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Ribes sanguineum v. sanguineum 'White Icicle'

(white flowering currant)

This selection of flowering currant is from the University of British Columbia Botanic Garden. Flowers in early spring are pure white on long racemes. Foliage is bright green. Compact habit, 6 - 8 ft. tall. Light shade in hot regions with occasional summer water. Berries attract many birds including grosbeak and mockingbirds.
Ribes speciosum  fuchsia-flowered gooseberry
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Ribes speciosum

(fuchsia-flowered gooseberry)

One of California’s showiest gooseberry, blooming in late winter - early spring with charming bright red, pendant, fuchsia-like flowers. The thorny branches are arching and grow 4 - 6 ft. tall and wide. Best with light shade and needs no irrigation once established. Occasional summer water keeps most of the leaves green through the summer, but will go summer dormant with dry conditions. An excellent choice for under native oaks. The flowers attract hummingbirds and the spiny fruits attract many birds including grosbeak and mockingbirds. Deer resistant.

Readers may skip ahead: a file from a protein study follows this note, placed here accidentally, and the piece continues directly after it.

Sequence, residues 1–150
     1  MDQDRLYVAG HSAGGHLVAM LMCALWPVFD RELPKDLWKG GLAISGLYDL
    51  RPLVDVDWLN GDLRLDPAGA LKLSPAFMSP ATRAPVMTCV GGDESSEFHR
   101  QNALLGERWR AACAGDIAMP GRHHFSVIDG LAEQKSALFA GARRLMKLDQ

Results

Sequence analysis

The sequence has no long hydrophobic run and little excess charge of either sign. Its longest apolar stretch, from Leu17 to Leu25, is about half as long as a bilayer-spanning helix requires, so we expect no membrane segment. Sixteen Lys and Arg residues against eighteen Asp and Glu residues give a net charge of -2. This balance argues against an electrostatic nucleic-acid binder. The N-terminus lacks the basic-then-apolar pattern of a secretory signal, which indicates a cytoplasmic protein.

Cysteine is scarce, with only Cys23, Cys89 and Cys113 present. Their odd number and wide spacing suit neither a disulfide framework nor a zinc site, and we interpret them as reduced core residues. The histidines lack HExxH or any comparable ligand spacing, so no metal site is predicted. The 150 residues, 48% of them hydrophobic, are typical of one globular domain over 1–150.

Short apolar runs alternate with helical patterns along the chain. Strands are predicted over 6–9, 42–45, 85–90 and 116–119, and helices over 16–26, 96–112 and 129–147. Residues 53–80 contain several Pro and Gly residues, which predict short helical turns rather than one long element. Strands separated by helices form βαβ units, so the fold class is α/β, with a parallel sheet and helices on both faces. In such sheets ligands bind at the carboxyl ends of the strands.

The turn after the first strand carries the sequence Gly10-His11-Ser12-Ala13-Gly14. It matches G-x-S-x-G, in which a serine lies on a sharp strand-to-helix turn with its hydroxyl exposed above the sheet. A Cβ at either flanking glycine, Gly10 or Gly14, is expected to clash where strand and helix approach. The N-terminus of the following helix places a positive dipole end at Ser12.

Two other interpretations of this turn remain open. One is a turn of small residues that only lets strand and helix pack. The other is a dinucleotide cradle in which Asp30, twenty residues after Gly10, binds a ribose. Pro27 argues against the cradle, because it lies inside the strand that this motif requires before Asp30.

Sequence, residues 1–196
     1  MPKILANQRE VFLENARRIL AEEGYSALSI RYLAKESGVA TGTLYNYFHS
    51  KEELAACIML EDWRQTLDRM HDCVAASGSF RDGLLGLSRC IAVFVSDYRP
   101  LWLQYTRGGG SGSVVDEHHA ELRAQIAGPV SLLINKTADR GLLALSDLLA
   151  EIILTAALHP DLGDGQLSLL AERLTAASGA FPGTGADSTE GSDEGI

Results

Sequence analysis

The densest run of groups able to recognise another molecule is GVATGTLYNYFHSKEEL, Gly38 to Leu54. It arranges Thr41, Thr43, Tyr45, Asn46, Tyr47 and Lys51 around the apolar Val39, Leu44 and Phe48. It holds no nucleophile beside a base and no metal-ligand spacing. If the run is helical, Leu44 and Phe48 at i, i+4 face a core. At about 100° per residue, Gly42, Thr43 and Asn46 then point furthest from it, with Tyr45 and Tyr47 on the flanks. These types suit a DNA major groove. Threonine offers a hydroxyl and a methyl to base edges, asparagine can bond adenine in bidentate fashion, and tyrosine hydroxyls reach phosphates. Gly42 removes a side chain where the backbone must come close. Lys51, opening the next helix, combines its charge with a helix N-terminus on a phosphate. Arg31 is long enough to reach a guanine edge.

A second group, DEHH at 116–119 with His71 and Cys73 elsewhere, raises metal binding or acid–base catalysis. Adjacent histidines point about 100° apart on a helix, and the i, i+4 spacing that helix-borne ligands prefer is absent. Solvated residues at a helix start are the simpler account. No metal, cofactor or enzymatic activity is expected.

Ribes viburnifolium  Catalina perfume
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Ribes viburnifolium

(Catalina perfume)

Native to Santa Catalina Island, this Ribes is unique for the genus, being evergreen and low growing. Leathery, dark green, glossy leaves with a spicy fragrance on red stems forms a spreading shrubby groundcover to 2- 3 ft. tall. Small clusters of interesting star-shaped maroon flowers decorate the arching branches in late winter to early spring. Requires part shade and is drought tolerant once established. Adaptable to a variety of soil types including heavy clay. Tip pruning is recommended to encourage a dense growth habit. Deer resistant.
Ribes x gordonianum  currant
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Ribes x gordonianum

(currant)